If the UUA helped with non-church placement, I would have stayed

There’s no secret and no shame in saying I’m out of work. Have been since late August when a financial crunch at Day Job led to layoffs. Looking for work means I’ve been blogging less; thanks to James Estes for referring me to a good job search counselor. Say a little prayer for me please; I’ve got some reason for optimism before Christmas.

I was talking to PeaceBang about this before Thanksgiving. After all, job loss and career transition is common and (if disliked) accepted today. Of course, I would like to be back in a parish church (UCC this time, but a liberal independent church would be nice, too) if for no other reason than I think I have something to offer a church and — oh, yeah — I’m still paying on my seminary loan. It is hard to still be paying on one’s last career path and having to find a new one.

Hubby gives me the Sunday job section a Certain Well-known Newspaper, his employer, and the cover article a while back was about the economic slide young adults have experienced in job earnings, urban rent and cost of education. Even at 37, I know these pinches. I never liked listening to the Old Lions (now all retired; many deceased) at General Assembly boast-gloat-rue how thin the numbers of seminarians were in their day, and how their educations were paid for, or nearly so. And having gone to a non-UU school, I count myself one of the lucky ones having been the recipient of a very generous grant package from the Disciples of Christ. I should be out of debt by the time I turn 40.

It’s Harder for Your Generation” by Mary Ellen Slayer. (Washington Post, 26 November 2006)

Now, to the point of the article. My decision to leave the UUA for the UCC is not so cut and dried as a theological decision, though that plays an important part. The health and functioning of institutions is an important part, too, as are prior relationships. The UUA doesn’t and hasn’t offered me, as a youngish minister the kind of services I need. I got very little financial aid from the UUA, even though the UUA would benefit from having a mobile force of ministers at hand. At least I got an internship, which seem to be fewer and fewer. Tales about the low regard Unitarian Universalist with authority have for seminarian families come up too often to be ignored. My take is that the UUA is ideally communitarian when convenient and laissez-faire when not.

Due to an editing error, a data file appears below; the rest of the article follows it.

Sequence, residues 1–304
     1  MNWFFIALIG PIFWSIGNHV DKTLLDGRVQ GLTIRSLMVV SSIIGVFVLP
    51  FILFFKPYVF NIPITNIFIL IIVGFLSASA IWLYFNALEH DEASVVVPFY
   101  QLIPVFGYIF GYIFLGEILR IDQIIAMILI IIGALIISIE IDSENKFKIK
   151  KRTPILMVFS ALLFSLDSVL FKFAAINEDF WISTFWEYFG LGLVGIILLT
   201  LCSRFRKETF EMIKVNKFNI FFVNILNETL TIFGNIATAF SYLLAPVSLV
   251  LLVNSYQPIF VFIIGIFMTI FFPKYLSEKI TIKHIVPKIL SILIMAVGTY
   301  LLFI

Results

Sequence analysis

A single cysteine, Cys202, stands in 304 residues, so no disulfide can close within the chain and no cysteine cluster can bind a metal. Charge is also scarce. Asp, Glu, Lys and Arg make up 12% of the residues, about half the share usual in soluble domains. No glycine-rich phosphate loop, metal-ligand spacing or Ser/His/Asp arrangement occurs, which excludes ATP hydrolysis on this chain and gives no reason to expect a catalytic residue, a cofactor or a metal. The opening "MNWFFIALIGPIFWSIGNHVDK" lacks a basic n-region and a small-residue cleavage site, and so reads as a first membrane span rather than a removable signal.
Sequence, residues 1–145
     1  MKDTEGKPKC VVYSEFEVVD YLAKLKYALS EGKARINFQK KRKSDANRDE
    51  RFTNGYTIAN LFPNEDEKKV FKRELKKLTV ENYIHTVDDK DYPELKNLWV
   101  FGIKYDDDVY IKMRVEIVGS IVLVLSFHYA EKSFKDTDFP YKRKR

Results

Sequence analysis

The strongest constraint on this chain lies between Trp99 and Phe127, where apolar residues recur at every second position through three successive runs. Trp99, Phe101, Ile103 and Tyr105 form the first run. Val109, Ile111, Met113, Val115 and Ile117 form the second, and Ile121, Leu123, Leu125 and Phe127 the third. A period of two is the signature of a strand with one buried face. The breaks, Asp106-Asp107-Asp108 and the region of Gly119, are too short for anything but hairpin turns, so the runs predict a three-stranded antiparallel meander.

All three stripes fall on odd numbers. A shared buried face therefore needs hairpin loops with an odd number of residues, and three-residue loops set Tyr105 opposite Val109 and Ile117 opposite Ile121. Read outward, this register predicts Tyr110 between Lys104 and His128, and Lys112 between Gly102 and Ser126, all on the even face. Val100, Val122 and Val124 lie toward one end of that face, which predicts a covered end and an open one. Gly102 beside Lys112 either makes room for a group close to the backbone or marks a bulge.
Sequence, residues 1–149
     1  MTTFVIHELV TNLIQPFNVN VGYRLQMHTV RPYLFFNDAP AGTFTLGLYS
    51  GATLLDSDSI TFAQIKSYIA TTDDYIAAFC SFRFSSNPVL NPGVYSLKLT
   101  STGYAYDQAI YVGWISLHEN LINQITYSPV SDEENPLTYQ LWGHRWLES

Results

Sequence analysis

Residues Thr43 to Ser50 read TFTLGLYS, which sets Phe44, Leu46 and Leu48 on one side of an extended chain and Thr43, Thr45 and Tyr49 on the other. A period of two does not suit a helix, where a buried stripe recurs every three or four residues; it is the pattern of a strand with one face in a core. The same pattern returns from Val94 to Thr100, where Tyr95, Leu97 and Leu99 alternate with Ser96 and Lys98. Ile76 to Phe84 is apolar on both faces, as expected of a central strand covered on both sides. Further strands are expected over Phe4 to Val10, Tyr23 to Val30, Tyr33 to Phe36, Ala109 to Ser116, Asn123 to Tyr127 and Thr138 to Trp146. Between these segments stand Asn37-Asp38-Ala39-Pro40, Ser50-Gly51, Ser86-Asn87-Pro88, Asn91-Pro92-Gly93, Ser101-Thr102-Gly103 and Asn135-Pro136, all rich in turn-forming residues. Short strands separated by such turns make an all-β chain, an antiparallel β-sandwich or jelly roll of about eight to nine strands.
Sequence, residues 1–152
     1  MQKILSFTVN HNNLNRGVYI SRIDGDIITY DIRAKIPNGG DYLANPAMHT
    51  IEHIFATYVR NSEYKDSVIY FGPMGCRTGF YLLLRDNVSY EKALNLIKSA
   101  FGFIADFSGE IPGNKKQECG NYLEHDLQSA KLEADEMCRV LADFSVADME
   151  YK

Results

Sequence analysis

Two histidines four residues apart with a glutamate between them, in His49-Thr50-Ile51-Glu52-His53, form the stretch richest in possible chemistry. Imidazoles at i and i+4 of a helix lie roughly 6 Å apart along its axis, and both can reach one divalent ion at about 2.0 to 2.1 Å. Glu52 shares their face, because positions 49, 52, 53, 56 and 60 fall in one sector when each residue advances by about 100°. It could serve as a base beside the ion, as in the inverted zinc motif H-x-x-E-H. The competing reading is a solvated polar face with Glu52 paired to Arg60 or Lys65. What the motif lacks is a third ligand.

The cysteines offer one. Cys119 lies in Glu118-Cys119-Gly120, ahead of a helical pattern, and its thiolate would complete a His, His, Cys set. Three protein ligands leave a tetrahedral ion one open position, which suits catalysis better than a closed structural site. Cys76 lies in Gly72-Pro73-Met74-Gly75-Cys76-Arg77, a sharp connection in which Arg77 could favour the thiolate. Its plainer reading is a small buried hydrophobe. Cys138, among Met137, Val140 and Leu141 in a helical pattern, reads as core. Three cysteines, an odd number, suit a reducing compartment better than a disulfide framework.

But since the UUA does have a glut of ministers, and since these ministers very often have so few options in other denominations, and since there has been so much personal and institutional (if not enough by my estimation) investment in their formation, wouldn’t make some sense to try and keep them afloat when ministry positions aren’t available? Help to market that weird M.Div. or support in finding meantime secular work without the risk of loosing fellowship for “inactivity.” Some ministry that would matter in practice. That would have shown me the UUA has its act together and values the people who have given so much to support it. Am I bitter? Only a little, and less and less each day.

By Scott Wells

Scott Wells, 46, is a Universalist Christian minister doing Universalist theology and church administration hacks in Washington, D.C.


  1. Scott – I always was of the opinion that your work with the old Day Job, should have been counted as a community ministry. Service for a non-profit (even when secular) that seeks to improve the lives of people with a history of being marginalized, should have been counted as ministry.

  2. Scott, you are in my prayers–though you were already. Don’t let the job situation get to you. My partner, Jennifer, has been unemployed now for six months. If it is difficult to find work in ministry, imagine applying for a position in public relations with five hundred other applicants.

    One of the things that I have been forced to adapt to in ministry has been the need to redefine my sense of ministry. For example, as a vocational interim minister I have become accustomed to engaging in conflict with entire congregations–something that I never thought that I could never do years ago. I never imagined years ago that my ministry would form in this direction.

    I sense that your calling is still very strong. Keep your spirits up. Something will appear if you are open to new possibilities.

  3. Dear Scott

    I am sorry to hear about your job situation. You have my best wishes for a happy landing somewhere good.

    Heaven forbid that I should give anyone advice, but you are one of the bloggers I admire the most and I want to help so here goes: If you say the Holy Name a million times, it actually changes your head. (But it has to be a real Holy Name.)

    God Bless you


  4. Scott, I wish you the best on your job hunt, and you’ll be in my prayers.

    Like you, my departure from the UUA was not entirely theological or liturgical, but had a big practical component – I was unlikely, as an African American Christian-leaning lesbian, to be hired by a UU congregation.

    There are, I think, a lot of ways that the UUA could improve the minesterial formation process, as well as how they work with ministers who are not currently settled, as you say.

    And, like people here have already said – ministry is such a more broadly defined thing than is traditionally thought. I’m ready to move into nonprofit technology ministry. :-)

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